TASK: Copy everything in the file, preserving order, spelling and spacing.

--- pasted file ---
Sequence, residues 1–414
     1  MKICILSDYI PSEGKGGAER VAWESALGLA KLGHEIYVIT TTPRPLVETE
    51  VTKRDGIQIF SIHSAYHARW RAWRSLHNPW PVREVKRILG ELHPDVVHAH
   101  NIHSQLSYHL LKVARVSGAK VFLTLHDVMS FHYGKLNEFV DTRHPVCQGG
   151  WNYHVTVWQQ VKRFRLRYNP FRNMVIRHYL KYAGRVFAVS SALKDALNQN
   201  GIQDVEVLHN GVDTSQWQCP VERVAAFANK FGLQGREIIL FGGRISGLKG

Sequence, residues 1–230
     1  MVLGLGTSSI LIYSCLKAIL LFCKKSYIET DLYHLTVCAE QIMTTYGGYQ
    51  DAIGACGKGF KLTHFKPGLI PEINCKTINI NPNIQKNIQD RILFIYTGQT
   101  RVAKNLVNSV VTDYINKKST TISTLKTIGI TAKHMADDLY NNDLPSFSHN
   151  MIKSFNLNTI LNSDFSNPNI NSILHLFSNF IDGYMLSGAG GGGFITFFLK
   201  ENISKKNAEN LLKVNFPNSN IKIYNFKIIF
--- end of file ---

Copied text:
Sequence, residues 1–414
     1  MKICILSDYI PSEGKGGAER VAWESALGLA KLGHEIYVIT TTPRPLVETE
    51  VTKRDGIQIF SIHSAYHARW RAWRSLHNPW PVREVKRILG ELHPDVVHAH
   101  NIHSQLSYHL LKVARVSGAK VFLTLHDVMS FHYGKLNEFV DTRHPVCQGG
   151  WNYHVTVWQQ VKRFRLRYNP FRNMVIRHYL KYAGRVFAVS SALKDALNQN
   201  GIQDVEVLHN GVDTSQWQCP VERVAAFANK FGLQGREIIL FGGRISGLKG

Sequence, residues 1–230
     1  MVLGLGTSSI LIYSCLKAIL LFCKKSYIET DLYHLTVCAE QIMTTYGGYQ
    51  DAIGACGKGF KLTHFKPGLI PEINCKTINI NPNIQKNIQD RILFIYTGQT
   101  RVAKNLVNSV VTDYINKKST TISTLKTIGI TAKHMADDLY NNDLPSFSHN
   151  MIKSFNLNTI LNSDFSNPNI NSILHLFSNF IDGYMLSGAG GGGFITFFLK
   201  ENISKKNAEN LLKVNFPNSN IKIYNFKIIF